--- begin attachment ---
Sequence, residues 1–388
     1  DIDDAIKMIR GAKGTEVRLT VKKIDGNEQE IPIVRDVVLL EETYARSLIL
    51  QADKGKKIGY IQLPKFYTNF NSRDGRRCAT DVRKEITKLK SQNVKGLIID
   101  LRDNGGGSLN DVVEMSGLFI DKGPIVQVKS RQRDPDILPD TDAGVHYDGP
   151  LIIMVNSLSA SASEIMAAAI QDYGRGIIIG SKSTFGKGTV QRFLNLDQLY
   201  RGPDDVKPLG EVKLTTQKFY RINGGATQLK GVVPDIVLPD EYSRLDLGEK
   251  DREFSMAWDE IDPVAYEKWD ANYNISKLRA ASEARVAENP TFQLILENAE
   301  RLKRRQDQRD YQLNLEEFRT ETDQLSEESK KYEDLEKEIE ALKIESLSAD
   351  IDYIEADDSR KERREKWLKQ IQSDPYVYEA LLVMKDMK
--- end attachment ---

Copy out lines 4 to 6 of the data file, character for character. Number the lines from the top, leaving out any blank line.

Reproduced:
   101  LRDNGGGSLN DVVEMSGLFI DKGPIVQVKS RQRDPDILPD TDAGVHYDGP
   151  LIIMVNSLSA SASEIMAAAI QDYGRGIIIG SKSTFGKGTV QRFLNLDQLY
   201  RGPDDVKPLG EVKLTTQKFY RINGGATQLK GVVPDIVLPD EYSRLDLGEK